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Basic Troubleshooting Tips

Basic Troubleshooting Tips



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Published by: api-3821899 on Oct 18, 2008
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Basic Troubleshooting Tips
Hello every one\u2026

This is a very basic guide of what to check when your computer is behaving abnormally. By checking a few simple items, and trying a few things you may be able to 'repair' the machine yourself. If a quick solution is not found, this process may help you to describe the problem more effectively to a computer technician. Unless you feel that you might need one

The Quick Check List:
If your Computer is not functioning properly check the items on this list first:
1) Ensure the PC is plugged in to a power supply and turned on (make sure all
components are on: the monitor, the printer)
2) Look for any loose or damaged cables and cords that attach to your computer.

** Note \u2026 as with all electronic equipment, be wary of the electrical hazards \u2026 It is not
wise to open up the computer unless you know what you are doing. There is a risk of
electrical shock, and a fairly high risk of damaging the electronic components inside the

3) Make sure that all of your floppy drives are empty (normally all floppy drives should
be empty when booting the computer, unless you want to boot from a floppy disk)

4) If on a network, check with other users of the network in your vicinity to see if their
PC's are functioning normally. Often a downed network can cause a variety of errors
when running applications. The problem may not be with your machine, but with the

5) If all of the above seems to be fine, try turning off the computer completely and restart it (cold booting). Sometimes this is enough to reset the software and network connections and get the machine back to working order.

Specific Problems
No Power
When you turn on the computer, there is no power. No lights come on \u2013 nothing
What To Look For:
Make sure that the power button on the computer and on the monitor is turned on.

Check the cables attached to the back of your computer. Make sure the power cable is
securely plugged into the computer. If it is only the monitor that will not power up, make
sure that the power cable to the monitor is securely plugged into the back of the monitor.

Check the other end of the power cables to make sure that they are plugged securely into

a wall outlet or power bar.
If using a power bar, ensure that the power bar is turned on.
If you have checked all of the above, and there is still no power to your computer or your

monitor, call A computer service technician. Explain the steps you have taken to try to
eliminate the problem.
One Of The Devices Connected To The Computer Doesn't Work.
This could be a printer, a modem, a CD-ROM drive or even an external hard drive.
What To Look For:
Check the cables that connect the device to the back of your computer. Make sure they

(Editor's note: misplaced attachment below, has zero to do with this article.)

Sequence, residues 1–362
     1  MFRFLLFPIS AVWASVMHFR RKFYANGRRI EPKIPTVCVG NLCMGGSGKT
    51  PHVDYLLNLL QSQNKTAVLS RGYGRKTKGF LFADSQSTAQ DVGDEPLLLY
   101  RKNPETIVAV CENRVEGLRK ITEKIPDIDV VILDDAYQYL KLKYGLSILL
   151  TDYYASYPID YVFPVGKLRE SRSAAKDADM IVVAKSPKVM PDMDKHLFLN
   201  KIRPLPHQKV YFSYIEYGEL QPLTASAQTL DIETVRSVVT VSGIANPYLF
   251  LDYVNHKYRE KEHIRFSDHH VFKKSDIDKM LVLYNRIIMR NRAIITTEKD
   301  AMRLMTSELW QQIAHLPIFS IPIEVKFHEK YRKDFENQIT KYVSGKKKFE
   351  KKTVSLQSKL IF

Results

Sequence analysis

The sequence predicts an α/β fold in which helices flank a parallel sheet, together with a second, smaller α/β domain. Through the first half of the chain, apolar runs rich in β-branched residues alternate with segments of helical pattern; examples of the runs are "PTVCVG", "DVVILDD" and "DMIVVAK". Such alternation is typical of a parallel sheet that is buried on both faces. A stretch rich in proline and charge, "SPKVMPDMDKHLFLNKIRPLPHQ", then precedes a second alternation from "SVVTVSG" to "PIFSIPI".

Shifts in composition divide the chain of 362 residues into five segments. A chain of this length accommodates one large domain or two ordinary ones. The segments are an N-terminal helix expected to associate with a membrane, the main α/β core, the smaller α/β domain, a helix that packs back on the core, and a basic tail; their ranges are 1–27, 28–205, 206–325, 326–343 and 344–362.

are securely connected. Try rebooting your computer and trying the device again.

If the component does not work after rebooting, and you are using a Windows machine,
take a look at the 'SYSTEM' area in the 'Control Panel'. Open up the control panel,
double-click on the 'System' icon, and then choose the "Device Manager" tab. If a
specific device has a problem you should see a warning symbol (a coloured exclamation
mark) next to the name of the device. This will indicate that the PC recognises that there
is a problem with the device.Do not make any adjustments in this device area unless
you are sure of what you doing. Incorrect setting of devices can cause problems with the
entire computer, not just with the device in question. However, this information is good
to report to a computer technician; it will help narrow the source of the problem.

The Light On The Monitor Comes On, But There Is Nothing Showing On
The Screen
What To Look For:

Check the cable that runs from the back of the monitor to the computer. Make sure it is securely connected to the computer, and that the screws are tightened. Then reboot the machine.

If you have checked this, call a computer service technician. Explain that you have
checked the cable.
It Takes Longer Then It Used To Load A File Or To Start A Program On
The Machine
What To Look For:

The files on your hard drive may have become badly fragmented (i.e. saved in non
contiguous pieces all over the hard drive). In cases of a fragmented hard drive a program
trying to load will have to look in several different locations for pieces of the file. This
can take a long time.

On a Windows 95 machine, choose 'Disk Defragmenter" from the 'System Tools'
area under 'Accessories" in the "Programs\u201d area of the "Start Menu".Choose to
defragment 'All hard drives'.

The 'Defrag' program will physically move the files on your hard drive so that all the
pieces of the file are stored contiguously. This will make quite an improvement in the
speed of the computer when trying to load files. This utility should be run about once a
month just to keep your system working at optimum performance.

Ways to Handle PC Crashes (Using MS Windows)
Faults and Hangs

In general, crashes fall into one of two broad categories:faults andhangs. A program
hangs when it suddenly stops responding to the system. Often your mouse cursor will
either freeze in place or disappear. In any case, clicking your mouse or pressing a key on
your keyboard will accomplish nothing, except perhaps for producing an annoying error

When a fault occurs, a message box pops up. If the problem is relatively minor, you will
see something like An error has occurred in your application... and you will be given

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